|Barked: Sun Apr 3, '11 6:58am PST |
|The apostles often met together and prayed with a single purpose in mind. . . . ”
Acts 1:14 (CEV)
The Prayers Of The People
Depression is a fierce enemy, making it a struggle just to stand up, get dressed and walk around. In living with it, the name of the game is to look and act ordinary. So while I was waiting for my treatment, I decided to go to church.
St. Bartholomew’s Church on New York City’s Park Avenue is a beautiful building, always full of life, children, music and people from every corner of a great city. The opening hymn, “O Sacred Head Sore Wounded,” about Jesus’ Crucifixion, made me feel ashamed to feel so wretched, to be suffering while clothed, fed, and surrounded by loving family and friends. Phrases from my down-to-earth English childhood came back to me: “Snap out of it, dear. Pull yourself together."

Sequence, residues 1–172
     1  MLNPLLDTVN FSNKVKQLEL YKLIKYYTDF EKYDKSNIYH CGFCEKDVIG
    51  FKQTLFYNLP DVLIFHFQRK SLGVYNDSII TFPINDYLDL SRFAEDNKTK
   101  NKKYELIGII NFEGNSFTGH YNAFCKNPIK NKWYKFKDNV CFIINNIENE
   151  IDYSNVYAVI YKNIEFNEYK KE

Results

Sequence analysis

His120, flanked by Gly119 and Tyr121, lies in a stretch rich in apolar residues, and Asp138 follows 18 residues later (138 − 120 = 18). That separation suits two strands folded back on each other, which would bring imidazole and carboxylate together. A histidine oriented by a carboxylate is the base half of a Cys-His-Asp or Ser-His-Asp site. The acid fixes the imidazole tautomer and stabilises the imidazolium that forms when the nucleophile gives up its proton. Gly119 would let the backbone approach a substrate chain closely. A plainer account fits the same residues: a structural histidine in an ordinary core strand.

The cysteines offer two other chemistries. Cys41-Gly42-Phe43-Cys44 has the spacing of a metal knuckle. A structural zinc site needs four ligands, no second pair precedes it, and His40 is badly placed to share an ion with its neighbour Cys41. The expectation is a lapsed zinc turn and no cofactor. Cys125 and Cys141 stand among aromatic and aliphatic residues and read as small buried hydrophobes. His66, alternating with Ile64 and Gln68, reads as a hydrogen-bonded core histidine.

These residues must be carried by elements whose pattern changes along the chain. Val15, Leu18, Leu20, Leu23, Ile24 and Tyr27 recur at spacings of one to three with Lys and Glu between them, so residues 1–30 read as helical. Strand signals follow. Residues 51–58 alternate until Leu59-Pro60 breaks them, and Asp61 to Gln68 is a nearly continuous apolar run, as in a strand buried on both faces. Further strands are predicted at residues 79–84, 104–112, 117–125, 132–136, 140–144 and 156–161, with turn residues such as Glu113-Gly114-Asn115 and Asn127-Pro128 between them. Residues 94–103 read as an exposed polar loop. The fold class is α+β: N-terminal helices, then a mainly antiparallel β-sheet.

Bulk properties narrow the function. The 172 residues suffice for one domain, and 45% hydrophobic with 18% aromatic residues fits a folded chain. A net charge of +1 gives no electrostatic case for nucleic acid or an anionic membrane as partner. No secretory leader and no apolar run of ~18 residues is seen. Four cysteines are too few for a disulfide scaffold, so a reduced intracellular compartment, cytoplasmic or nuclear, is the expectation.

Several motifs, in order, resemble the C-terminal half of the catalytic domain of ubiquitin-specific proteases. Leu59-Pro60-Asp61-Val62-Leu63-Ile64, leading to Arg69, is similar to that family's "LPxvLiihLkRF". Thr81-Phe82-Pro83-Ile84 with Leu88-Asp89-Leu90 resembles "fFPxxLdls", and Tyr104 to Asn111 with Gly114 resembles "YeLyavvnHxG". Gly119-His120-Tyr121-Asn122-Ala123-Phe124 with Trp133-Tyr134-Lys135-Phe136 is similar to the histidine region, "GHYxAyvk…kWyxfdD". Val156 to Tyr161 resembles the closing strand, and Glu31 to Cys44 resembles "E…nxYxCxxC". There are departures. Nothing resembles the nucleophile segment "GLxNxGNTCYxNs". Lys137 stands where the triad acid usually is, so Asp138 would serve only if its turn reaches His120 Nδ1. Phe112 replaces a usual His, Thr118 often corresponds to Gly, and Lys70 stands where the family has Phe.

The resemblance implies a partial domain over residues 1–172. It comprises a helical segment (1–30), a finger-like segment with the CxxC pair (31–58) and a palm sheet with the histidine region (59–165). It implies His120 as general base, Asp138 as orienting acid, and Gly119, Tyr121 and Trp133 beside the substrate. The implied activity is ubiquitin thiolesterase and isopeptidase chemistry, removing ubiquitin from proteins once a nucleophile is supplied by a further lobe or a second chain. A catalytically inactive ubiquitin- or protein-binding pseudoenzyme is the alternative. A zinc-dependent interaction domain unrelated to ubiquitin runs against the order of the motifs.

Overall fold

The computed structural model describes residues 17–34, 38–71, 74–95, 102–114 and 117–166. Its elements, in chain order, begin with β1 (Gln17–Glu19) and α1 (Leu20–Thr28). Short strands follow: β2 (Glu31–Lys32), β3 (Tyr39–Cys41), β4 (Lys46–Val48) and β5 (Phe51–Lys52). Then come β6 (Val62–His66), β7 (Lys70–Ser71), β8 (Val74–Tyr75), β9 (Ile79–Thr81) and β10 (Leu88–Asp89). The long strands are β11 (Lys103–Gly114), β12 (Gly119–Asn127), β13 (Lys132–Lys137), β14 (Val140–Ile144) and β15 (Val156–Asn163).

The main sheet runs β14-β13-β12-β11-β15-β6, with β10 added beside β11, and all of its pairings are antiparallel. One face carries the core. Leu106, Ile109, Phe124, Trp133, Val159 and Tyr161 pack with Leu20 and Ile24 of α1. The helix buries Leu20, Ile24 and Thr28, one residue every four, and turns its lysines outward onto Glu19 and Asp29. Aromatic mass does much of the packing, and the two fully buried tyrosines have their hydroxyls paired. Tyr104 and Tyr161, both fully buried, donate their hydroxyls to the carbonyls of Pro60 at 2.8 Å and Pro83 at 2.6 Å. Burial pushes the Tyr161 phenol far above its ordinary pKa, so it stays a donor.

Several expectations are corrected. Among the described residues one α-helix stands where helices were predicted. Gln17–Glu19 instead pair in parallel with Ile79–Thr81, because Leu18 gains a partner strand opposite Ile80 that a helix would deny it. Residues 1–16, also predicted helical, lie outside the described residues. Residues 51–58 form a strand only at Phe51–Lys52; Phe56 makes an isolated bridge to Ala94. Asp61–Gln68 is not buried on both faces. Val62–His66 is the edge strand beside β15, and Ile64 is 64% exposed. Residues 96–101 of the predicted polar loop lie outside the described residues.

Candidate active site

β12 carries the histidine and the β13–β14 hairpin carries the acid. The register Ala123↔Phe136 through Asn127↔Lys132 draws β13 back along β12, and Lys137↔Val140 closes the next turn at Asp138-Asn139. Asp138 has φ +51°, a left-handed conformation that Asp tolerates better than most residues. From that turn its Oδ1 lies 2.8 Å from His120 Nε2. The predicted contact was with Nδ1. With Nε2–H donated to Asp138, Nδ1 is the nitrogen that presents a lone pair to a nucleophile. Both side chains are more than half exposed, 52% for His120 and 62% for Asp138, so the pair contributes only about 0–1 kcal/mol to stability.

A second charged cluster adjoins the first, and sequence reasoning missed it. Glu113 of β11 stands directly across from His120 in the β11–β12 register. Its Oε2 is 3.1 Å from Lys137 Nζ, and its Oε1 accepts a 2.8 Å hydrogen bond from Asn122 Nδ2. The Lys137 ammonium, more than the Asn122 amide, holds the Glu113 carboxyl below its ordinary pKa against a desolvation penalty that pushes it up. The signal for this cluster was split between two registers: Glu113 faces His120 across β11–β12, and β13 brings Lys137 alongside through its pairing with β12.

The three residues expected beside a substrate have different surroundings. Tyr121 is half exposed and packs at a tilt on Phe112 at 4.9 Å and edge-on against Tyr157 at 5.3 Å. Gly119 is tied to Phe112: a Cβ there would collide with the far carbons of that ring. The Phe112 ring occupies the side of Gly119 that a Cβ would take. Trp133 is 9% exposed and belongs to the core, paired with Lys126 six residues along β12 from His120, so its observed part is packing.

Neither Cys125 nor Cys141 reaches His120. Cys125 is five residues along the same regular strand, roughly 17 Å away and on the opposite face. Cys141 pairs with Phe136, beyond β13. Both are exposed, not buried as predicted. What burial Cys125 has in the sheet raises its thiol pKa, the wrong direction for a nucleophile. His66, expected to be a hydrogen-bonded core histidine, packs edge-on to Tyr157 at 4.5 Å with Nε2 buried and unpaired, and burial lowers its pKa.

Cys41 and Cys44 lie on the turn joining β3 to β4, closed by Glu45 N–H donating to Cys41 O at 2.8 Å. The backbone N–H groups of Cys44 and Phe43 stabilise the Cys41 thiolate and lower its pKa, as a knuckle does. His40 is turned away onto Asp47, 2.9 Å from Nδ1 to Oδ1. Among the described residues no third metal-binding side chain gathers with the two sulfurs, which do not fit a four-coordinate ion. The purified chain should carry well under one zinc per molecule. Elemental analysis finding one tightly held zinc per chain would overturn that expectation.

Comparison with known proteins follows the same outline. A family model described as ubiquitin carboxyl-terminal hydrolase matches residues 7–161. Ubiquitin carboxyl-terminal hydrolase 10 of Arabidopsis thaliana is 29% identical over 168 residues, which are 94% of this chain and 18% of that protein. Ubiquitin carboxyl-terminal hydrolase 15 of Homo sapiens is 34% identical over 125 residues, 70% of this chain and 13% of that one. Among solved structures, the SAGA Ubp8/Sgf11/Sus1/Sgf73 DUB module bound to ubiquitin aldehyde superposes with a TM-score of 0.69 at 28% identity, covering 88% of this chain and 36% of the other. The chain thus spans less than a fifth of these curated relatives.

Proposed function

I am trying, Lord, I would say to myself.
And then the service moved on to the Prayers of the People, asking for help for the hungry, poor and oppressed of the world, the sick and suffering, “and those we name now.” And the names rolled out, none familiar to me, but each carrying a hidden history. And then, “Brigitte Weeks,” said the lay minister.
They are praying for me. All those strangers, row upon row, are praying for me.
We hear so much about the power of prayer. Now I felt it wrapping around me, easing the stress in my shoulders, unclenching my hands. The depression wasn’t gone—there was no miracle cure—but a day that before had been cold and gray was now soft and warm.
Thank You, Lord, for that caring congregation that lifted my spirit with their prayers.
By Brigitte Weeks
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